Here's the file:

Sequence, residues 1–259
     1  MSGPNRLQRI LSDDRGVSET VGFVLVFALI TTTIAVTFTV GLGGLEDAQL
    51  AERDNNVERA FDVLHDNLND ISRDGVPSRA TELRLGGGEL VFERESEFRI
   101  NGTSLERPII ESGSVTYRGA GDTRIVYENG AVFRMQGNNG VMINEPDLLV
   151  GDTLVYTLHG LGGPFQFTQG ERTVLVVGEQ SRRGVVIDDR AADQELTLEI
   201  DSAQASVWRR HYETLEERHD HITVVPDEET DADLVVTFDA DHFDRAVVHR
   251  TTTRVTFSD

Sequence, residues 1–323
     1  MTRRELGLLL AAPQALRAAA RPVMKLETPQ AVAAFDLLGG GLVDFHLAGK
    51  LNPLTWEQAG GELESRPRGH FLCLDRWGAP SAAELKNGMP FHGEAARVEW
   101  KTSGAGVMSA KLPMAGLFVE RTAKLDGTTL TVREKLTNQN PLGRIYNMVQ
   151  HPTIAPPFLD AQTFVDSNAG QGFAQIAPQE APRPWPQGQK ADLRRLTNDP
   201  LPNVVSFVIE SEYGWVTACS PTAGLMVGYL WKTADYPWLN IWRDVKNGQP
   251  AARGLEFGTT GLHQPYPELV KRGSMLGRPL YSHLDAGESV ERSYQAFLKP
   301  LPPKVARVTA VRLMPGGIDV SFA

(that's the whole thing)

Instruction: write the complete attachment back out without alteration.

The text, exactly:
Sequence, residues 1–259
     1  MSGPNRLQRI LSDDRGVSET VGFVLVFALI TTTIAVTFTV GLGGLEDAQL
    51  AERDNNVERA FDVLHDNLND ISRDGVPSRA TELRLGGGEL VFERESEFRI
   101  NGTSLERPII ESGSVTYRGA GDTRIVYENG AVFRMQGNNG VMINEPDLLV
   151  GDTLVYTLHG LGGPFQFTQG ERTVLVVGEQ SRRGVVIDDR AADQELTLEI
   201  DSAQASVWRR HYETLEERHD HITVVPDEET DADLVVTFDA DHFDRAVVHR
   251  TTTRVTFSD

Sequence, residues 1–323
     1  MTRRELGLLL AAPQALRAAA RPVMKLETPQ AVAAFDLLGG GLVDFHLAGK
    51  LNPLTWEQAG GELESRPRGH FLCLDRWGAP SAAELKNGMP FHGEAARVEW
   101  KTSGAGVMSA KLPMAGLFVE RTAKLDGTTL TVREKLTNQN PLGRIYNMVQ
   151  HPTIAPPFLD AQTFVDSNAG QGFAQIAPQE APRPWPQGQK ADLRRLTNDP
   201  LPNVVSFVIE SEYGWVTACS PTAGLMVGYL WKTADYPWLN IWRDVKNGQP
   251  AARGLEFGTT GLHQPYPELV KRGSMLGRPL YSHLDAGESV ERSYQAFLKP
   301  LPPKVARVTA VRLMPGGIDV SFA